Doug Schwarz <email@example.com> wrote in message <see-B731AA.firstname.lastname@example.org>... > In article <email@example.com>, > "rachael " <firstname.lastname@example.org> wrote: > > > > >> It's supposed to be "uparrow" F7, but I'm coming from PC land and can't > > > >> figure out what the "uparrow" means. No one in my office knows either. > > > > > > > uparrow means "press the shift key." > > > > > > It depends how the uparrow is drawn. If it looks like > > > > > > /\ > > > || > > > > > > then Yes, that would be shift. But if it is just > > > > > > /\ > > > > > > (that is, the '^' character), then that indicates holding > > > the "control" key. > > > > I've already tried all of the simple choices (shift, control, combination, > > etc) but nothing seems to work. I used this function all of the time on my > > PC, so I hope to find a solution on the mac. What would cause either the > > shift or control commands to not work??? > > > If you are using a recent Mac then the top row of keys on your keyboard > perform the functions depicted and not the generic function keys (which > are also on the keys, but smaller and at the bottom right corner). > > To get the generic function key you have to use the key labeled "fn" and > the appropriate key on the top row. > > In the case of Shift-F7, this means you actually have to press *three* > keys: Shift-fn-F7. It's possible if you use the shift key on the right > side and two hands, very awkward otherwise. > > There is a System Preference to obviate the pressing of the "fn" key: > > System Preferences -> Keyboard & Mouse -> Keyboard > > and look for the checkbox. Now you'll have to use the "fn" key to get > the other functions (screen brightness, volume, etc.). > > -- > Doug Schwarz > dmschwarz&ieee,org > Make obvious changes to get real email address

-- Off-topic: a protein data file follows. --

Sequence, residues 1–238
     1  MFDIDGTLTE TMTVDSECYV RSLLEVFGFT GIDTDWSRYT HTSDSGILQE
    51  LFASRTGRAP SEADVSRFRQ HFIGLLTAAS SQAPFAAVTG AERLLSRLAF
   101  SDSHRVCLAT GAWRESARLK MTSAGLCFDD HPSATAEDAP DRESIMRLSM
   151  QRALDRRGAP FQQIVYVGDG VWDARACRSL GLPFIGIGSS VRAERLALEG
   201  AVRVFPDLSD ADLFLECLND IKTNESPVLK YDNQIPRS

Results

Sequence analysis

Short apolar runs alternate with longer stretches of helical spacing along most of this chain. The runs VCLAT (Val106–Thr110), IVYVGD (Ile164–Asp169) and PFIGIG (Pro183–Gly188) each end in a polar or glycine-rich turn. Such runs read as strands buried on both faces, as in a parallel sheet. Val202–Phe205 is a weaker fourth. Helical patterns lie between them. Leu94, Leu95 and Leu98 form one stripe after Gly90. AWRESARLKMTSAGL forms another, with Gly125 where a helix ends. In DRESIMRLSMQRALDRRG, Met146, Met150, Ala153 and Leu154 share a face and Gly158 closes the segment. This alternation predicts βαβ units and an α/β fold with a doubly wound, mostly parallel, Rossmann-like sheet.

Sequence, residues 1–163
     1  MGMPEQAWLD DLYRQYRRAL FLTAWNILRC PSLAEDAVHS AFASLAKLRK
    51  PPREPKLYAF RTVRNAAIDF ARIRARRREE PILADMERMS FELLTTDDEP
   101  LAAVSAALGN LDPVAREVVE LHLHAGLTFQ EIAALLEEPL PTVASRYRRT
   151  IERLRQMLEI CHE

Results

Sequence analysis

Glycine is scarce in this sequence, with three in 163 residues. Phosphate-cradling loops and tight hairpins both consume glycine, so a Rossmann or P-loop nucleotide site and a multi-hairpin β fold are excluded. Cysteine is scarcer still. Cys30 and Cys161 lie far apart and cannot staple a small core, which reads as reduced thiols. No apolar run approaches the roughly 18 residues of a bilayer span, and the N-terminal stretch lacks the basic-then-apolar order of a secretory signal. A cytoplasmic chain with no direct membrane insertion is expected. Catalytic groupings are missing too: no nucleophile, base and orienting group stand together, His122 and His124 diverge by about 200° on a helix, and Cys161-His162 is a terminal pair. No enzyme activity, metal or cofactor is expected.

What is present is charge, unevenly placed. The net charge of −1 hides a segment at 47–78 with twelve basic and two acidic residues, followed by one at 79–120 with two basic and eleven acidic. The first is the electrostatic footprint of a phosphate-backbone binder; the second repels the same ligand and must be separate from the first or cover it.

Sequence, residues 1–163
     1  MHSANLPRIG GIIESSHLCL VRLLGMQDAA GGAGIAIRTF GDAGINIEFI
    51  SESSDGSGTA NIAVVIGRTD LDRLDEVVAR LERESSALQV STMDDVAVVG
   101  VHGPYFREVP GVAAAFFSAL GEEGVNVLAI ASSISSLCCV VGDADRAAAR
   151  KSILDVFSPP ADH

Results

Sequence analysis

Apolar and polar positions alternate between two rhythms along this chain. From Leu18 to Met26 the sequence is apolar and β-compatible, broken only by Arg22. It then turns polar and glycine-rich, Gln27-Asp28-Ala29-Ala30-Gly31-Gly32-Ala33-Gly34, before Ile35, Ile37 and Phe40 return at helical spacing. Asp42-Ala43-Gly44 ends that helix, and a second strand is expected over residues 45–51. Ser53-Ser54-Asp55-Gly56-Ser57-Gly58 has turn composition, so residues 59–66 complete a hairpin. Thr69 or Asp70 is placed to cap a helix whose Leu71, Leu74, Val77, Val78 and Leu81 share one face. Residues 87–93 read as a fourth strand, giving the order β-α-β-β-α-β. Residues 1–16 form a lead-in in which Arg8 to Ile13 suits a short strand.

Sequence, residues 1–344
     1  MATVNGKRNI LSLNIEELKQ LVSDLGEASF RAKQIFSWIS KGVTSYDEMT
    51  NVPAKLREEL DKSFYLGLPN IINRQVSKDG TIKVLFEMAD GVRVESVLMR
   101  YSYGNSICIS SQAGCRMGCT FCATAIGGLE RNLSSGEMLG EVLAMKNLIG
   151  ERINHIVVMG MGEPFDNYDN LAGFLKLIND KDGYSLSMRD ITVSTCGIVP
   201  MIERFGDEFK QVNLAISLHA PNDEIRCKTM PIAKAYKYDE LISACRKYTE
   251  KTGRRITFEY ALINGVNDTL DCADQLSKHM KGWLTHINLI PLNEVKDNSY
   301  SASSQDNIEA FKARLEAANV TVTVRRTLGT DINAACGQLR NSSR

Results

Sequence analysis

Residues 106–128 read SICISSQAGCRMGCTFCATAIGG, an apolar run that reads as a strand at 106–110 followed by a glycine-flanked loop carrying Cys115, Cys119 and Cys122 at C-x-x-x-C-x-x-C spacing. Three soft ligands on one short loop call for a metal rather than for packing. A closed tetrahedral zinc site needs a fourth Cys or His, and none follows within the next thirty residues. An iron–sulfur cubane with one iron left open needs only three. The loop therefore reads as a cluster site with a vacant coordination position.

You pin-pointed the problem, and I am very grateful to learn the solution. I had a feeling it was something simple, but I couldn't quite figure it out.